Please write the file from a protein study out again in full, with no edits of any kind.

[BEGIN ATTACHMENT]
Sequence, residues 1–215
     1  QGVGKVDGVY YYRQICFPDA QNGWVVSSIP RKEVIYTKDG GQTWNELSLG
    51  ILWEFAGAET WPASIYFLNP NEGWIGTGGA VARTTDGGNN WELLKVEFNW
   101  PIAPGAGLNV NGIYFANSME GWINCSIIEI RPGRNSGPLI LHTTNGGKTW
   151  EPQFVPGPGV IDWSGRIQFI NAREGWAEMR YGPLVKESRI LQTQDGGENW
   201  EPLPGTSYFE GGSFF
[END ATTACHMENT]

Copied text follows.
Sequence, residues 1–215
     1  QGVGKVDGVY YYRQICFPDA QNGWVVSSIP RKEVIYTKDG GQTWNELSLG
    51  ILWEFAGAET WPASIYFLNP NEGWIGTGGA VARTTDGGNN WELLKVEFNW
   101  PIAPGAGLNV NGIYFANSME GWINCSIIEI RPGRNSGPLI LHTTNGGKTW
   151  EPQFVPGPGV IDWSGRIQFI NAREGWAEMR YGPLVKESRI LQTQDGGENW
   201  EPLPGTSYFE GGSFF